JACQUELINE MICKEY v. DARRELL D. MICKEY, SC 18126
Judicial District of Hartford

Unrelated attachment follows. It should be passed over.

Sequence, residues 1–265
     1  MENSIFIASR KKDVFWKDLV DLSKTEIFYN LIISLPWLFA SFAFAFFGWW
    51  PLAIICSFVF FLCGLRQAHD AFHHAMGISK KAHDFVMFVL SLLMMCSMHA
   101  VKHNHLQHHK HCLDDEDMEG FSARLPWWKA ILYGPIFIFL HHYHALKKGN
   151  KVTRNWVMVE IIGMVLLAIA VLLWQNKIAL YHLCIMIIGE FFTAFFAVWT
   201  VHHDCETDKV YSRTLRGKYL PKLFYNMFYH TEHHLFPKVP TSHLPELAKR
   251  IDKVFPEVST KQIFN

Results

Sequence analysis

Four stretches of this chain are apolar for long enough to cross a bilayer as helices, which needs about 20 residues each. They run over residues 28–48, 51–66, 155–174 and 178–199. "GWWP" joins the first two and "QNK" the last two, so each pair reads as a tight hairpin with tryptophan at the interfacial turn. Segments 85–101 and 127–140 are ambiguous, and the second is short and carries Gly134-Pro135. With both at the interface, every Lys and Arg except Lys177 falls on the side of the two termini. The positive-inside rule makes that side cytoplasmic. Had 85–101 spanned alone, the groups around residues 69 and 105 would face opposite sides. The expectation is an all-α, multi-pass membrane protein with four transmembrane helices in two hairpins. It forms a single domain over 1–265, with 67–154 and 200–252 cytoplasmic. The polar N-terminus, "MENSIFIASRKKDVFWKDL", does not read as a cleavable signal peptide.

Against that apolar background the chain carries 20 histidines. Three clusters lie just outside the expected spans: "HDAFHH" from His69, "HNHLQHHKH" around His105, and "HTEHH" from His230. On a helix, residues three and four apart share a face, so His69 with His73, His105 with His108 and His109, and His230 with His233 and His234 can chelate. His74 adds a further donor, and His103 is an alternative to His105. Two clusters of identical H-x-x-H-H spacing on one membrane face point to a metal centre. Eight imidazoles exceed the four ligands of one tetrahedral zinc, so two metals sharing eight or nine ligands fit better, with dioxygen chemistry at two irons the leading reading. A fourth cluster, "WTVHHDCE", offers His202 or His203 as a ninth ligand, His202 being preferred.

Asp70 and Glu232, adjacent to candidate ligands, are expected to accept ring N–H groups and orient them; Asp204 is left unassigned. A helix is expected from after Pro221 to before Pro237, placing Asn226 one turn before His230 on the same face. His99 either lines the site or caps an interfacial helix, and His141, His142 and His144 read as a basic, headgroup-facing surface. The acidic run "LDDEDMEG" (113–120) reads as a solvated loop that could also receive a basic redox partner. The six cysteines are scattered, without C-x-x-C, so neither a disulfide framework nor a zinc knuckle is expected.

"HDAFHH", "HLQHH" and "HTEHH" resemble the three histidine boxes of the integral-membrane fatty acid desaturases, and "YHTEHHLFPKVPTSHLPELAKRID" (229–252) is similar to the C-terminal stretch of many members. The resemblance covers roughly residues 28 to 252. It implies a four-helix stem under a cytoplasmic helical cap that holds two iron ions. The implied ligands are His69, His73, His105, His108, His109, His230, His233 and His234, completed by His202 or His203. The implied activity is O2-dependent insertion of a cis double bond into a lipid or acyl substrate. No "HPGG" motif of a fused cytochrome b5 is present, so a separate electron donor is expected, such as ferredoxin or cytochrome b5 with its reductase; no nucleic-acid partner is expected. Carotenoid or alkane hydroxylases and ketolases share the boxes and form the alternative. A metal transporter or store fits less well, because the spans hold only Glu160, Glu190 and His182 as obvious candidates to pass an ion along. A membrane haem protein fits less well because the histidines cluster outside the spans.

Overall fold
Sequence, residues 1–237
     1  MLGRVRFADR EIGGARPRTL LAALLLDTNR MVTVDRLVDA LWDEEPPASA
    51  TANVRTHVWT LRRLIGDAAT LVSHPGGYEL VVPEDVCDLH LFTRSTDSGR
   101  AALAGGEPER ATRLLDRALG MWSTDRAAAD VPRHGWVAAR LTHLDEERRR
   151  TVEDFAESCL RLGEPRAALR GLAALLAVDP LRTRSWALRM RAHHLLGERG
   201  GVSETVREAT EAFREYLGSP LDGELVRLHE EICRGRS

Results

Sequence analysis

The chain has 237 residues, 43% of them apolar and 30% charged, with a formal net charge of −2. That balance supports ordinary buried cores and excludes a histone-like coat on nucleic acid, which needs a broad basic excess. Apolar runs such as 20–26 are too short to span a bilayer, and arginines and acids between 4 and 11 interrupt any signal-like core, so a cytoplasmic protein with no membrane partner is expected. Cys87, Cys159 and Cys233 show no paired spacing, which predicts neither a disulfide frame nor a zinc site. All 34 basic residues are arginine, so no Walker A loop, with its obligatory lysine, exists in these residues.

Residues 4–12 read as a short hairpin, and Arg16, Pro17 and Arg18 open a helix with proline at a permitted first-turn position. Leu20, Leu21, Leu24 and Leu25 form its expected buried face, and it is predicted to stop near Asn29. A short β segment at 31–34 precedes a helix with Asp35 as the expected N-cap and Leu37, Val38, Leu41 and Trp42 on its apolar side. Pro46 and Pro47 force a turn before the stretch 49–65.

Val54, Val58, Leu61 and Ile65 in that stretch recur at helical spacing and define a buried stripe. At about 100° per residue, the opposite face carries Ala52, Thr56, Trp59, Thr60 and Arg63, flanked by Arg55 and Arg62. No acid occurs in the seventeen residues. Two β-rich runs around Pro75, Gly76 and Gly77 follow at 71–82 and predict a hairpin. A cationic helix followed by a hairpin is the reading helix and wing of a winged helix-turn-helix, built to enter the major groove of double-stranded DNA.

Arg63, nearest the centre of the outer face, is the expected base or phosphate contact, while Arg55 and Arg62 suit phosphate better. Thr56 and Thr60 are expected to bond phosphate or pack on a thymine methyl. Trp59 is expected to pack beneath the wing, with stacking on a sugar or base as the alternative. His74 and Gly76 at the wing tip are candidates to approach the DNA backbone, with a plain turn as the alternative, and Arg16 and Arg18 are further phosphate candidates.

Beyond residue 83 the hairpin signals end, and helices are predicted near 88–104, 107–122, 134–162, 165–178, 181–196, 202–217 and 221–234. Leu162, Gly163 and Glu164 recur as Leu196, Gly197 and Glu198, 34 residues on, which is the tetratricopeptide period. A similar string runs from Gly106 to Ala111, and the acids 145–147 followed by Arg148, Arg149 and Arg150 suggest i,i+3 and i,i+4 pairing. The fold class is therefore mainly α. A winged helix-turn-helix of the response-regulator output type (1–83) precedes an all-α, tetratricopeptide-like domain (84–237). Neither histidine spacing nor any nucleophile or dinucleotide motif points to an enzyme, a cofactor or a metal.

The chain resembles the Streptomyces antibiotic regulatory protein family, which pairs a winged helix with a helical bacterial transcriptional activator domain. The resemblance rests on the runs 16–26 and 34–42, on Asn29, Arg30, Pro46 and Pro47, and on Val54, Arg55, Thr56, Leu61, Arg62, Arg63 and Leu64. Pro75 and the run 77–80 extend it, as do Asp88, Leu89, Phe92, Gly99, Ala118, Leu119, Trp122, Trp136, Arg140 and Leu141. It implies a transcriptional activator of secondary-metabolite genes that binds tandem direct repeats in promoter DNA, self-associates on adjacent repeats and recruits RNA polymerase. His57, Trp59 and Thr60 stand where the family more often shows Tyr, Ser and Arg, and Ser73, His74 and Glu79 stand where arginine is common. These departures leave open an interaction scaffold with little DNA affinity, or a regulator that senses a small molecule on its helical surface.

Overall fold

Dissolution of Marriage; Property Orders; Whether Portion of Defendant's Pension Benefit Attributable to Disability Sustained After Dissolution is Distributable to Plaintiff Under Terms of Dissolution Judgment. In 2001, the trial court dissolved the parties' marriage and issued various financial orders, including an order awarding the plaintiff forty percent of the defendant's monthly retirement benefit payment. At the time of the dissolution, the defendant was a state employee enrolled in a state employees' retirement system pension plan, which entitled him to receive certain retirement benefits upon reaching the age of sixty-five. In addition, the defendant was also potentially eligible for a disability retirement, which would entitle him to an increased pension benefit payable immediately if he were to be injured within the scope of his employment. After the court dissolved the parties' marriage, the defendant sustained a work-related injury, which caused him to take a disability retirement. Consequently, the defendant's gross monthly pension benefit increased, which in turn increased the amount that was distributed to the plaintiff from the defendant's pension. Thereafter, the defendant filed a motion for a clarification of the 2001 judgment. In particular, he asked the court to hold that it did not intend to, and did not have the statutory authority to, award the plaintiff the portion of his pension that was attributable to his post-dissolution disability. He claimed that since his disability occurred after the dissolution, the payments that he received because of that disability were not part of the marital estate that the court distributed in 2001. Moreover, he claimed that the disability payments represented lost income and wages rather than deferred compensation existing on the date of the dissolution. The trial court rejected the defendant's claims and denied his motion for a clarification. In so ruling, it determined that the defendant's disability benefits were "retirement benefits," and not "disability payments," which emanated from and replaced his regular pension. It therefore found that the defendant's disability benefits were not acquired after the date of the dissolution but were part of his monthly retirement benefits that were divided in the dissolution decree. It also determined that the language and intent of its orders distributing the defendant's pension benefit was clear and unambiguous. In this appeal, the Supreme Court will determine whether the trial court properly determined that the defendant's disability benefits are distributable to the plaintiff.